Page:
They were arrested four years after the crime. Both were convicted
and Williamson received the death penalty. In 1997, a federal
appeals court overturned Williamson's conviction on the basis of
ineffectiveness of counsel (Williamson v. Ward, 110 F.3d 1508 (10th
Cir. 1997) aff'g 904 F. Supp. 1529 (E. D. OK 1995)). The Court noted
that the lawyer had failed to investigate and present to the jury
the fact that another man had confessed to the crime. The lawyer had
been paid a total of $3,200 for the defense. Recently, DNA tests
from the crime scene did not match either Williamson or Fritz, but
did implicate Glen Gore, a former suspect in the case. All charges
against the two defendants were dismissed on April 15, 1999 and they
were released. Williamson suffers from bipolar depression and has
been hospitalized for treatment. (Daily Oklahoman, 3/18/99 and New
York Times 4/16/99).
Read "Life After Death Row" by Sara Rimer in The New York Times
See Frontline: Burden of Innocence by PBS ---- Williamson is
Curtis Edward McCarty Oklahoma Conviction: 1986, Charges Dismissed:
McCarty, who had been sentenced to die three times and has spent 21
years on death row for a crime he did not commit, has been released
after District Court Judge Twyla Mason Gray ordered that the charges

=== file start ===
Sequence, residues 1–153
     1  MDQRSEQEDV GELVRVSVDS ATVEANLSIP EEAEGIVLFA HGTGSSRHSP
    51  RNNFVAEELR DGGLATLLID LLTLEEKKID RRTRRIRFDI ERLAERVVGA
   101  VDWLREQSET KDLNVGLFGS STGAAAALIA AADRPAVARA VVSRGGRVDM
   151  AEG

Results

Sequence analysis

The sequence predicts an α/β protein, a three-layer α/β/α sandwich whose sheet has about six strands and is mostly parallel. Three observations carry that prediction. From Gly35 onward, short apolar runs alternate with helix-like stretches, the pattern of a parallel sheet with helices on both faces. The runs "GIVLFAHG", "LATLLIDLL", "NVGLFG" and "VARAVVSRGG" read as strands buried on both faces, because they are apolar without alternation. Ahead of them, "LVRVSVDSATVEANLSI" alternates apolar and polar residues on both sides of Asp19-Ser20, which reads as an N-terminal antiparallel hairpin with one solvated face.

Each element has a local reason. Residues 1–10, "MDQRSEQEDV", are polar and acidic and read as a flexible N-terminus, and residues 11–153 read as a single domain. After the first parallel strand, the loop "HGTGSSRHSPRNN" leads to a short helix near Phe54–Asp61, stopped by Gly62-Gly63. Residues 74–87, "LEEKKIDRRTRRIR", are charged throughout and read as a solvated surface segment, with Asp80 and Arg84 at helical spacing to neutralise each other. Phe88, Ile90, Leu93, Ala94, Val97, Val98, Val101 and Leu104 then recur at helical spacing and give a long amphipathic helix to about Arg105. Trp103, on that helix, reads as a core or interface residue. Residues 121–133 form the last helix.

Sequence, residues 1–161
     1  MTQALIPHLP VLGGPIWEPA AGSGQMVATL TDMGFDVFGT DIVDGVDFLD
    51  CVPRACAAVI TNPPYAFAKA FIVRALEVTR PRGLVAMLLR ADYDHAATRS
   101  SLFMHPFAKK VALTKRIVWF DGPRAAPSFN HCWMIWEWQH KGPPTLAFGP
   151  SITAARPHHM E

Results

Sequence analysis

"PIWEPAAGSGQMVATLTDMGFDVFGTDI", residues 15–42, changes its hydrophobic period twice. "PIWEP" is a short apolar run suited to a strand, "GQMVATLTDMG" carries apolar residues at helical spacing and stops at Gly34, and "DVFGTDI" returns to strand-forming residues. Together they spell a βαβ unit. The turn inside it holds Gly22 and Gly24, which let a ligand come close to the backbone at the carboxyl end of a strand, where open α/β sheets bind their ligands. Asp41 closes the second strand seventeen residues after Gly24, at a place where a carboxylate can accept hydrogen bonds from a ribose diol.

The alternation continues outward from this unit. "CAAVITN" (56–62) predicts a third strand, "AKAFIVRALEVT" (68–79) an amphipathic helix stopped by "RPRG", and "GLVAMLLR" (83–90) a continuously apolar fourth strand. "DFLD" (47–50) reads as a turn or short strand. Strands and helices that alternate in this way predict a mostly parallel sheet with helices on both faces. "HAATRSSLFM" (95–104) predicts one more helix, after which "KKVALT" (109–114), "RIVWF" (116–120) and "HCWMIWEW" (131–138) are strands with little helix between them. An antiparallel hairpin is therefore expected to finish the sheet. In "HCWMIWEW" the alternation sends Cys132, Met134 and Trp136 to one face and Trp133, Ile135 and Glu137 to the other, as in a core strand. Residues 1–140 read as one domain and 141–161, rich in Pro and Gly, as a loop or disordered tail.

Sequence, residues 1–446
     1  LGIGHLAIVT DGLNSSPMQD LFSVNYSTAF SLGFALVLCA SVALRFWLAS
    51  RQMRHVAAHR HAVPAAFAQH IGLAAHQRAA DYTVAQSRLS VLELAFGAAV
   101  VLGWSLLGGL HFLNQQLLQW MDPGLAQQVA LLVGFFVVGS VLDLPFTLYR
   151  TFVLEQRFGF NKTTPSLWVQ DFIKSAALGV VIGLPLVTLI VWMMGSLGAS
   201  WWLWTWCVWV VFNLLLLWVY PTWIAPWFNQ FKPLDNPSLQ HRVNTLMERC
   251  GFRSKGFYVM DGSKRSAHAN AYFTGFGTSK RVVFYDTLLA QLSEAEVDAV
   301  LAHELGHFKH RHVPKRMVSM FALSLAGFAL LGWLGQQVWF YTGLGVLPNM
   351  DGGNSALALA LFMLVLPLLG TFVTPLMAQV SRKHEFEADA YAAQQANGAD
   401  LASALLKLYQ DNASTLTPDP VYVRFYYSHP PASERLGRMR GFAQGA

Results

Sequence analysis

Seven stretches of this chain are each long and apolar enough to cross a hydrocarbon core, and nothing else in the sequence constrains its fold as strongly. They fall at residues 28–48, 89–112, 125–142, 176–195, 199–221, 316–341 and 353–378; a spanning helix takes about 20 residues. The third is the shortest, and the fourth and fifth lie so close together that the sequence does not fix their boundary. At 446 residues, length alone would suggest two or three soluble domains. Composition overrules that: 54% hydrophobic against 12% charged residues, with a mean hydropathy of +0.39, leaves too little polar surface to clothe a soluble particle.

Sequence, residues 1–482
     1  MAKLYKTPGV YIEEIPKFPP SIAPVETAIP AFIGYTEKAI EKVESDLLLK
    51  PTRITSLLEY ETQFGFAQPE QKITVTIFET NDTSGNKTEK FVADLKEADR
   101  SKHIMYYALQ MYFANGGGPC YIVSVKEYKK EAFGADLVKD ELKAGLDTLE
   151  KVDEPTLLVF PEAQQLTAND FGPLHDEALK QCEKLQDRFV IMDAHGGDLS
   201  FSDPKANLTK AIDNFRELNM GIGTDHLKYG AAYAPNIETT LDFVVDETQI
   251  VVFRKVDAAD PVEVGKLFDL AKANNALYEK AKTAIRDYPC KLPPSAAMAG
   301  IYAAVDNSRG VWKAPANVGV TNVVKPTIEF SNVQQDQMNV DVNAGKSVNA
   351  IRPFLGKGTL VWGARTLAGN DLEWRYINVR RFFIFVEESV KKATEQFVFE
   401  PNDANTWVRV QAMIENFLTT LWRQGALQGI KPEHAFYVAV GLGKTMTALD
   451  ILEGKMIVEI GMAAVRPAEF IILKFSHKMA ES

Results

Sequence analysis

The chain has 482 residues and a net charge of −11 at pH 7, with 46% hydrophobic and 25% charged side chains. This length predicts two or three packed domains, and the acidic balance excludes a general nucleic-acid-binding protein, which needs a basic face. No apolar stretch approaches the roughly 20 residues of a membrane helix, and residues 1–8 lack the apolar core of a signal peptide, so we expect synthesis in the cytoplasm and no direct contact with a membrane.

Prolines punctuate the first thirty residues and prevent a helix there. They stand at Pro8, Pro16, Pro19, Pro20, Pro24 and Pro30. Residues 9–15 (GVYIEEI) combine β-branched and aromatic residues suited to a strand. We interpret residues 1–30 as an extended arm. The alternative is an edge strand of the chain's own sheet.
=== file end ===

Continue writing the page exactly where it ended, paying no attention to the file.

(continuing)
against him be dismissed. Gray ruled that the case against McCarty
was tainted by the questionable testimony of former police chemist
Joyce Gilchrist, who gave improper expert testimony about semen and
hair evidence during McCarty's trial. Oklahoma County District
Attorney David Prater said his office will not appeal Gray's
decision. According to the New York-based Innocence Project, an
organization that assisted McCarty in his efforts to prove his
innocence, during McCarty’s first two trials, Gilchrist falsely
testified that hairs and other biological evidence showed that
McCarty could have been the killer. In both trials, the juries
convicted him and he was sentenced to death. In Gilchrist’s original
notes, hairs from the crime scene did not match McCarty. She then
changed her notes to say the hairs did match him. When the defense
requested retesting, the hairs were lost. A judge has said Gilchrist
either destroyed or willfully lost the hairs. DNA testing in recent
years has also shown that another person raped the victim. McCarty's
has maintained his innocence since his arrest.
(The Oklahoman, May 11, 2007 and The Innocence Project)